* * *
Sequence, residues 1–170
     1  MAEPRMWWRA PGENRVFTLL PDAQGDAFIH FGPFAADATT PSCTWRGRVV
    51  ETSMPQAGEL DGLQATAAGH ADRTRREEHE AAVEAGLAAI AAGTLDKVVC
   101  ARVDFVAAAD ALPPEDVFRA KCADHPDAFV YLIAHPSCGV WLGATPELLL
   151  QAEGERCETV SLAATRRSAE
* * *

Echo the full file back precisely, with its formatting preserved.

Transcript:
Sequence, residues 1–170
     1  MAEPRMWWRA PGENRVFTLL PDAQGDAFIH FGPFAADATT PSCTWRGRVV
    51  ETSMPQAGEL DGLQATAAGH ADRTRREEHE AAVEAGLAAI AAGTLDKVVC
   101  ARVDFVAAAD ALPPEDVFRA KCADHPDAFV YLIAHPSCGV WLGATPELLL
   151  QAEGERCETV SLAATRRSAE